Joined: 25 Mar 2005
Location: Leeds, West Yorkshire
|Posted: Mon Oct 17, 2005 1:50 am Post subject: Creation from destruction
|April 18, 2005
A Scottish artist who randomly vandalised almost 50 cars as part of a project said the owners should be happy they were involved in his "creative process".
Mark McGowan, 37, will display pictures of himself scratching the paintwork of vehicles in Glasgow and London in an exhibition this week.
He said he had "keyed" 17 cars around the Botanic Gardens in Glasgow's upmarket West End in March and 30 vehicles in Camberwell, south London.
He said: "I pick the cars randomly. What I have been looking at are issues of property and linking it with art and performative action.
"I got the idea when my sister and brother-in-law's cars were keyed. Is it jealousy that causes someone to key a car? Hatred? Revenge? There is a strong creative element in the keying of a car; it's an emotive engagement.
"There is the fear factor, which was an important part of the project. Cars being keyed is a worldwide pandemic at the moment and this should hopefully draw attention to it. Maybe it will enter the mainstream, like graffiti."
His work will be displayed on Wednesday night in a launch party at The Arches, an exhibition venue in Glasgow.
It is the latest in a string of bizarre stunts by the postgraduate in history of art from the prestigious Goldsmiths College in London.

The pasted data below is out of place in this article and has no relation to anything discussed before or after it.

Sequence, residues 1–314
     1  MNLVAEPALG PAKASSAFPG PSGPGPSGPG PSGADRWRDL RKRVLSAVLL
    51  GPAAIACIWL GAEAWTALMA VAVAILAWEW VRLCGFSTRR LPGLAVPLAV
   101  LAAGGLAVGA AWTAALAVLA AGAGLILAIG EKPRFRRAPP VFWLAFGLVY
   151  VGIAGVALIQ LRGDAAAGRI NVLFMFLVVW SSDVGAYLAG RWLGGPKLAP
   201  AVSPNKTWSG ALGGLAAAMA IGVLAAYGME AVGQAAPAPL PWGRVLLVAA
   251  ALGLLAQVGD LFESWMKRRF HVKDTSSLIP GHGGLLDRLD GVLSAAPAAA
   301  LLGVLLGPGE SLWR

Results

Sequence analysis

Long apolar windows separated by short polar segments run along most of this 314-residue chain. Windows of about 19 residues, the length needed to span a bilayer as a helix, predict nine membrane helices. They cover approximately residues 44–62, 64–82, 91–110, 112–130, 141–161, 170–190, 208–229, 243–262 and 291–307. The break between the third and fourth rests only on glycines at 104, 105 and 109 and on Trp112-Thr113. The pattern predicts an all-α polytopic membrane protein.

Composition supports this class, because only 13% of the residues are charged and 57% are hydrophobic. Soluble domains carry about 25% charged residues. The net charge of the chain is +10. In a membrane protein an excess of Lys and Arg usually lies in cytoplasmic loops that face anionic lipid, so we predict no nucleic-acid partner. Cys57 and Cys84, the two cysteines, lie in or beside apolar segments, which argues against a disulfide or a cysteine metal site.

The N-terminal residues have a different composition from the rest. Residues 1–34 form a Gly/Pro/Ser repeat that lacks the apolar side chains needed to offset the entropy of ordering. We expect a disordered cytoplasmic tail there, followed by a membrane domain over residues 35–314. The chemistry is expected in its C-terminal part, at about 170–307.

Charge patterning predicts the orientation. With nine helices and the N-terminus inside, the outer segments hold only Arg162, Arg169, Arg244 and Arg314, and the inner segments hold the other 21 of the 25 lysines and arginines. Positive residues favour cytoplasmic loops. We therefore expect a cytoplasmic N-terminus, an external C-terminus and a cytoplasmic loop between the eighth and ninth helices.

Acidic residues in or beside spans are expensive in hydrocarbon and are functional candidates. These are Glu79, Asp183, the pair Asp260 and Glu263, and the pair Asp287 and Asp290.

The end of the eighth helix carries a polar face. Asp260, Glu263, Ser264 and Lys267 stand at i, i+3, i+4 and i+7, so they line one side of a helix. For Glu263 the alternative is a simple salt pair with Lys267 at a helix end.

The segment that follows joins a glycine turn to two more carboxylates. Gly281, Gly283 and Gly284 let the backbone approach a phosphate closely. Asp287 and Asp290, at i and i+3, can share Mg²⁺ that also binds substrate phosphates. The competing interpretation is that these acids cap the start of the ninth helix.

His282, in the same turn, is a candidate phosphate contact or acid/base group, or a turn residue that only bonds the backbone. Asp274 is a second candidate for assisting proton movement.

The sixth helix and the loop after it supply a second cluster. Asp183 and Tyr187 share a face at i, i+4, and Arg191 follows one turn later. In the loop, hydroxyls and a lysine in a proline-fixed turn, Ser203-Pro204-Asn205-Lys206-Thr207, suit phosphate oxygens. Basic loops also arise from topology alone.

McGowan, who has described himself as "the British alternative to David Blaine", nailed his feet to an art gallery last year - in a protest against leaves.
In 2003, he attracted world media attention when he pushed a monkey nut with his nose for 11 kilometres to 10 Downing Street in a protest against student debt.
In the same year he sat for 12 days in a bath filled with baked beans, with two chips up his nose and sausages wrapped around his head - to defend criticism of the full English breakfast.
He also once rolled himself across London for seven kilometres singing "We Wish You a Merry Christmas" to highlight the work of office cleaners.
Last year he cooked and ate a fox to draw attention to the plight of "crackheads".
He said of his latest stunt: "I do feel guilty about keying these people's cars but if I don't do it, someone else will and they should feel glad that they've been involved in the creative process."
Read on www.theartforum.net
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